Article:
Dear Autoblog: Delayed Means Unintentional Wait

Justin Berkowitz
by Justin Berkowitz
dear autoblog delayed means unintentional wait

Autoblog is asking if the "Volkswagen Tiguan Diesel Launch Delayed in US?" I'm happy to answer that question for them. No, it's not delayed. If your flight is supposed to get in at 2 PM, the fact that it is not getting in at 1 PM doesn't make it delayed. It makes 2 PM the time the plane is supposed to land. Autoblog is hypothesizing that there probably won't be a 2009 model year VW Tiguan with the 2.0-liter TDI engine. This was the plan was all along– not that it's a good plan, mind you. But Europe is really, really loving VW's 2.0-liter TDI engine right now, especially in the Tiguan. VW can't build 'em fast enough. So while the Tiguan 2.0-liter TDI would be a somewhat hit here in the States, it's a grand slam home run (game-winning penalty kick?) for VW in Europe.The 2.0-liter TDI engine will eventually make it stateside in the Jetta and Jetta Sportswagon. But you knew that back in March, when I asked one of VW's execs, and then passed the news along to you.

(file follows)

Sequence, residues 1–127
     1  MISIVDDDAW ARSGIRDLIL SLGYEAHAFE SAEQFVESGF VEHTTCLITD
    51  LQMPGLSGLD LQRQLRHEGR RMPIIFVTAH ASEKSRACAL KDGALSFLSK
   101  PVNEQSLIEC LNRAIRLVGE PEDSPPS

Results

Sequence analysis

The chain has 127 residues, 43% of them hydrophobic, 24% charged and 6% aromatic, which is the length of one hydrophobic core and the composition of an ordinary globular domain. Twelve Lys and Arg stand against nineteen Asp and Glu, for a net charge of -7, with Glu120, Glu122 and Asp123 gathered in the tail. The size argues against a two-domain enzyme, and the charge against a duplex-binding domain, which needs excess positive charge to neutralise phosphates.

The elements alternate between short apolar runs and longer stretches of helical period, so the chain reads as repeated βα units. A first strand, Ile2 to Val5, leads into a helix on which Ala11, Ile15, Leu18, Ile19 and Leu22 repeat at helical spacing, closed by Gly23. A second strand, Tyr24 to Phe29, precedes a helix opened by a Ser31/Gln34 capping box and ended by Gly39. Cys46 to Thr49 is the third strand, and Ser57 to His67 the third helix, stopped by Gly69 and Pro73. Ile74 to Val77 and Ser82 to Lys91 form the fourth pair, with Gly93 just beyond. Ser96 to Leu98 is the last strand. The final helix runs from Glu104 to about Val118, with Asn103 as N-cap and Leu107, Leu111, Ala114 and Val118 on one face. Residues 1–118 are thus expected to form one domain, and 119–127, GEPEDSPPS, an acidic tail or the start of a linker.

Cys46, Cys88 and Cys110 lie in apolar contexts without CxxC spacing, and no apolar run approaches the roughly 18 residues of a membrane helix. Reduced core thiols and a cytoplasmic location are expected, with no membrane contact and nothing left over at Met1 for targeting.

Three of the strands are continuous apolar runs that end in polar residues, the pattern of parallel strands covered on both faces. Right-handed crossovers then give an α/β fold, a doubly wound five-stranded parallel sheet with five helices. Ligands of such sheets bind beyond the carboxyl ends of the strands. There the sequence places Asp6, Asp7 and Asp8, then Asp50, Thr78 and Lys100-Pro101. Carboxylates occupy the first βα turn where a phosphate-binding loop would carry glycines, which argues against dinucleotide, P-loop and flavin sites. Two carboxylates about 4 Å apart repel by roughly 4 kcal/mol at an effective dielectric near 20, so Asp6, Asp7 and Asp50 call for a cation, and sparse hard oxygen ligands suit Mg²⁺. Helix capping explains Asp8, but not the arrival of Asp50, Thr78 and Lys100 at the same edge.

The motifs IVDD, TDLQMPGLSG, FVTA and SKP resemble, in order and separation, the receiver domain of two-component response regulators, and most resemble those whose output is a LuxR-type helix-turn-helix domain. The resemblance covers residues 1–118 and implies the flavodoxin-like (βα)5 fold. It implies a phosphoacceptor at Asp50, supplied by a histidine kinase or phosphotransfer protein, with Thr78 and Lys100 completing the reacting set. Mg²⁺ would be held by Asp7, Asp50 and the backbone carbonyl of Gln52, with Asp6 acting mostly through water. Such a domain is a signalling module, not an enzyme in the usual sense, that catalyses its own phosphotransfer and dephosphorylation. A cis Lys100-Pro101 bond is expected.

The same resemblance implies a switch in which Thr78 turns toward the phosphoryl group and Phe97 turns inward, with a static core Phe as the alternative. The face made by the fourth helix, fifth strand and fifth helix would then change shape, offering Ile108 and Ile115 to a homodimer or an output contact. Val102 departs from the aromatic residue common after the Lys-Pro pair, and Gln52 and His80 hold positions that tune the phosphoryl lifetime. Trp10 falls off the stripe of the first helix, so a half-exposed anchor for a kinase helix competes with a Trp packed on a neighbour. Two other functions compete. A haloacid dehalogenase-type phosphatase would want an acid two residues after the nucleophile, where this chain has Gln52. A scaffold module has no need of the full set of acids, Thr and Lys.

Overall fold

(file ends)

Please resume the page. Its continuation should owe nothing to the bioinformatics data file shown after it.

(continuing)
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  • Ash78 Ash78 on May 19, 2008

    1. Europeans are willing to pay more for cars than Americans, in general. Higher margins. 2. The dollar sucks right now, so a competitive price on a Euro-built car would provide razor-thin profits (loss leadership doesn't really work well with cars) I'm still expecting the Jetta tdi in June, but I haven't talked to the dealership in a few weeks, so not sure if that's been changed.

  • Michael Karesh Michael Karesh on May 19, 2008

    Drove a Tiguan on Saturday. Then drove a GTI to verify that the steering and engine had somehow failed to translate well to the heavier SUV. Verified.

  • CB1000R CB1000R on May 19, 2008

    Launching a diesel anything is a losing proposition this Summer: (it's diesel week at the NYT!!). As long as folks perceive that fuel as more expensive than premium, and MUCH more expensive than regular gasoline, I don't think there's going to be an expanding market for diesel in the US anytime soon. The PR campaign for clean diesel is well under way, sure, but will anyone notice? No one but diesel fanboys and brew-your-own biodiesel long-hairs are going for these this year. (wait: will "clean diesels" even work with brew-your-own?) As a long-term strategy, yes, I believe diesel can be a winner in the US, if VW bangs the drum endlessly, and throws some clever advertising behind it, and can educate the masses and persuade a fence-sitter like me. But I wonder if the VW corporation has the attention span or the will to stick with it.